School Garden Grants
Thank you to all who applied for this year’s school garden grant. We will notify everyone of the status of their application by Friday, October 20, 2017. We kindly ask you do not email us to check on the status of you application prior to this date.
We’re awarding $25,000 in grants to grow healthy, happy, nature-connected kids!
School gardens provide an exciting context for cross-disciplinary learning and a wonderful opportunity to engage students in hands-on activities, project-based learning, and citizen science. Kids benefit from gardens in academic, physical, emotional, social, and behavioral ways. We are excited to support teachers’ efforts to engage kids in outdoor learning and all its benefits!
We will award 20 grants to teachers within the United States who strive to take the classroom outside, reconnect students with the natural world, and teach them valuable concepts and skills that integrate across all subjects. In partnership with our amazing sponsor, Alaska Fertilizer, we’re thrilled to support 20 teachers with a $500-$2,000 grant, gardening supplies, and BirdSleuth’s Habitat Connections kit. Funds can support a new garden or the revitalization of an existing one. In addition to funding food/veggie gardens, preference will be given to bird, pollinator, native habitat, rain, and other natural projects.
Application Process & Eligibility
The application is open to all K-12 schools, public and private, within the United States. Homeschool families, daycare facilities, and informal education settings such as nature centers and museums are not eligible. We cannot support U.S. territories at this time. The online application process opens August 21, 2017 and will close October 8, 2017 at 11:59pm ET. Email email@example.com with any questions.
Watch a recording of our free webinar “Starting a School Garden for Birds.” We spent part of the webinar discussing the garden grant application.
Grant Application Questions
For those of you looking to prepare for the application, below are the questions. Review our Spring 2016 Garden Grant Winners for inspiration!
- Please tell us what you’d like to do to support the building or revitalization of your school garden. Describe in detail what you’d like to accomplish.
- Where is/will the garden be located? When do you anticipate beginning your project and over what time frame do you think you will implement it?
- Who will participate in the construction of your garden? Who will have access to the garden upon completion?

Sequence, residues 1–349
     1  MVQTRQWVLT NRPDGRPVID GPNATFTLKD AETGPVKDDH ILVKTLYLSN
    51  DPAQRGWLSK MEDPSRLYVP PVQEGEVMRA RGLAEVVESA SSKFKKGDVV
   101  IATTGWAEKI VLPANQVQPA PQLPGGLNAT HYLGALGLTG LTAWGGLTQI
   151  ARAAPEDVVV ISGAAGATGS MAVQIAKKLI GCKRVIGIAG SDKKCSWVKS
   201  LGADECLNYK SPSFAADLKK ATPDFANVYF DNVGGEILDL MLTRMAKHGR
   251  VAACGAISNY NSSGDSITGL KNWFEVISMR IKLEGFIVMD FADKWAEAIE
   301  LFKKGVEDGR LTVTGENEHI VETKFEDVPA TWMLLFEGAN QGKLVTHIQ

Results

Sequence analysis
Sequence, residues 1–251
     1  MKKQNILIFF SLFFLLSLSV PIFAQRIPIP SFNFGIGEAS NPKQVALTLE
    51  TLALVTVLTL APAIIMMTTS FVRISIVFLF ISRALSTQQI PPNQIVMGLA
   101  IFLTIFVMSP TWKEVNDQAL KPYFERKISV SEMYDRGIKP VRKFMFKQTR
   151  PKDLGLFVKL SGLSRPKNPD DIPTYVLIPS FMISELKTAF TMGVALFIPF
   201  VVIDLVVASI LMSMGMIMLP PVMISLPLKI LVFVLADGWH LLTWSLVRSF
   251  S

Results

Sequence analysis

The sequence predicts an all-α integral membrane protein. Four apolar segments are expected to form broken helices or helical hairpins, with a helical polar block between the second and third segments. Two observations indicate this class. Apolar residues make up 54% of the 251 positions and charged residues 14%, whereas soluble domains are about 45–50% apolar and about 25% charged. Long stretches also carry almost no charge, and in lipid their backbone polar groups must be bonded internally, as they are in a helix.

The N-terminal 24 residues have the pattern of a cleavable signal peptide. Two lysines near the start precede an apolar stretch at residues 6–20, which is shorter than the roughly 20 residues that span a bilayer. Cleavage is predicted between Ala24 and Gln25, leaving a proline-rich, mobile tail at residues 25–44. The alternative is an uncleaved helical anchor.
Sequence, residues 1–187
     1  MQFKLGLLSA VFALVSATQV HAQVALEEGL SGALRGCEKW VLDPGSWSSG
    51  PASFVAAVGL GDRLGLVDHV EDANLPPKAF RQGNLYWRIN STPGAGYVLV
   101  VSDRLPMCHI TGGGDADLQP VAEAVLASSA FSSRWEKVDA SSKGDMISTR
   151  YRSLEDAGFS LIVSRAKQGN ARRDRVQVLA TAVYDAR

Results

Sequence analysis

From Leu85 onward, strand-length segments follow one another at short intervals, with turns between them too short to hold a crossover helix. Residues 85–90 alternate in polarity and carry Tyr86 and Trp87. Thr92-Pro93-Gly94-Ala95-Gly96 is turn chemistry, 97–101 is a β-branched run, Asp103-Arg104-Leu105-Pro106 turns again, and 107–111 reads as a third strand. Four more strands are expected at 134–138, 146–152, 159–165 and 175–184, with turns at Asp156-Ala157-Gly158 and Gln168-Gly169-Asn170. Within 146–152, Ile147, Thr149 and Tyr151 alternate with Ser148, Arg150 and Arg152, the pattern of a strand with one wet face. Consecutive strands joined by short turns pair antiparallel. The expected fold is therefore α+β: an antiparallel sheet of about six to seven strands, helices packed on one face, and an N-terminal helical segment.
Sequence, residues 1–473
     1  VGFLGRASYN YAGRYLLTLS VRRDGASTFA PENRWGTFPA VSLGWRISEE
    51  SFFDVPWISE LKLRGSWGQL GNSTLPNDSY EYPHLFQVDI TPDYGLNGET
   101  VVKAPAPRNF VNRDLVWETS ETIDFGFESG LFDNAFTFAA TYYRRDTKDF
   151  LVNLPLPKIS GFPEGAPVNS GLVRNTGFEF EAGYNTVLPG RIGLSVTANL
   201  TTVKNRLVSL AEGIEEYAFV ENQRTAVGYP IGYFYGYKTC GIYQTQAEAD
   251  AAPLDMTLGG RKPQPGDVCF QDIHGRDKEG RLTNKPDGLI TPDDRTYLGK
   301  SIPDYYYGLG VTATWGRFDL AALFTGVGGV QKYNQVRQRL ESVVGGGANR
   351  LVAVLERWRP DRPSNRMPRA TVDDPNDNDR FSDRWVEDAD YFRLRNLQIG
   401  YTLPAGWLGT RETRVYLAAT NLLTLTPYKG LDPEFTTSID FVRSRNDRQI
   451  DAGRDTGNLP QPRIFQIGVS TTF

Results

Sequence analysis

- How do you plan to integrate gardening for birds or habitat creation/improvements? Please give us some details about your plans.
- What learning/educational outcomes do you hope for?
- How much funding are you requesting and how will you use the funding (plants, supplies, curriculum, seed, professional development, etc.)? Your chances of receiving an award will be higher if you are specific with your budget. Grants range from $500-$2,000. You may not receive the amount you request. Grants will be based on need and impact.
Grant Details & Timeline
Each school selected will receive a BirdSleuth Habitat Connections kit, gardening supplies from Alaska Fertilizer, and $500-$2,000 depending on the school’s needs and overall funding requests.
- Application window: August 21-October 8, 2017.
- All winners notified by October 20, 2017.
- BirdSleuth Habitat Connections kit will be sent to winners immediately.
- Selected winners must attend a 1.5 hour online training either November 1 at 7pm ET or November 2 at 8pm ET. After the training, 75% of the allocated funds will be provided.
- Between November and June, the winning schools must implement their proposed garden plan and the kit lessons.
- A final report is required no later than July 1, 2018 from each school. This final report will consist of a brief survey and sharing the school’s progress on the BirdSleuth Action Map. Upon submission of the final report, each school will receive the remaining 25% of the funds to support continuation of the project.
Alaska Fertilizer produces fish emulsion fertilizers, made from by-products of the fishing industry. High in organic matter, these fertilizers make use of otherwise wasted nutrients. These fertilizers are useful on all types of plants, easy to use, difficult to over-apply, harmless, and organic – making them ideal for school use!